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As we settle in to the next month under a second national lockdown, mental health awareness is now more important than ever before. With such uncertain and strange times ahead, anxiety is soaring amongst all ages. Is a rapid decline in the mental wellbeing of our society the real pandemic? Despite how debilitating it can be, I want to approach anxiety in a positive way by looking at certain techniques that can help to ease and reduce stress, worry, anxiety and negative thoughts. Whilst we can’t help the circumstances we are in at the moment, and arguably it feels as though the importance of mental health has been overlooked during this pandemic, we can try to approach such times with optimism and hope, and attempt to try these five tips to help us keep calm and as anxious free as possible.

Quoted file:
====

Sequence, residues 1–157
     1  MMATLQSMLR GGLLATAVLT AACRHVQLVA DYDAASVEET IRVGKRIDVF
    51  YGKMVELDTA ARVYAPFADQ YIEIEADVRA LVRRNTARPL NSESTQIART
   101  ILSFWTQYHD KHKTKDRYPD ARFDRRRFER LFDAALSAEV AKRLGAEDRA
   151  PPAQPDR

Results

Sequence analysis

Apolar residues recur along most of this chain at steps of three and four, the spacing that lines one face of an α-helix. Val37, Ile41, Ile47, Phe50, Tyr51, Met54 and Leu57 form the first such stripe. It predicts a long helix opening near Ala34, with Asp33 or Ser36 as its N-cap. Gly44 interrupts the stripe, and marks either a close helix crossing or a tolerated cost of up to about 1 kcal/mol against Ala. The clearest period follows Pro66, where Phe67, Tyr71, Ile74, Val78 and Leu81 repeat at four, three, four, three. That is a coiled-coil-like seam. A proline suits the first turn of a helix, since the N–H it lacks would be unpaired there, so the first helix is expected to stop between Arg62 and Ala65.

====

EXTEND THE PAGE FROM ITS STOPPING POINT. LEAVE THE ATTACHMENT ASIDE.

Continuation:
The power of reading to calm anxiety can often be overlooked. ‘Reading’ does not mean your favourite fictional book, but rather it is important to read about anxiety, worry and stress and gaining knowledge on what exactly is happening to you. This can help you understand and even overcome it. Speaking from personal experience, Stop Thinking & Start Living by Richard Carlson actually calmed my anxiety and negative thoughts as I was beginning to understand why I was having distressing thoughts and how I was letting them affect me. For some, part of the problem of anxiety is being unaware of what is ‘happening’ to you or how to control it.  Once you can apprehend what is going on in your mind, you can then begin to tackle more effectively how to control and manage your anxiety and worries. For a more light-hearted and less technical book, Calm the F**k down by Sarah Knight is also a pleasant way of taking a moment to release some of your anxiety. Anxiety: Panicking About Panic by Joshua Fletcher, which I recommend listening to as an eBook, is incredible for giving you understanding, reassurance and optimism regarding anxiety. Furthermore, Fletcher’s book is appropriate for those who suffer with panic attacks as part of their anxiety. The scientific foundations that Fletcher gives in explaining panic attacks I feel was instrumental in relieving my own. My Sh*t Therapist & Other Mental Health Stories by Michelle Thomas gives a comical and light tale of mental health that will make you feel, even just a tiny bit, better. There are so many books out there now regarding mental health, wellbeing, and mindfulness, so definitely have a look around and try and read something as a way to counteract anxiousness.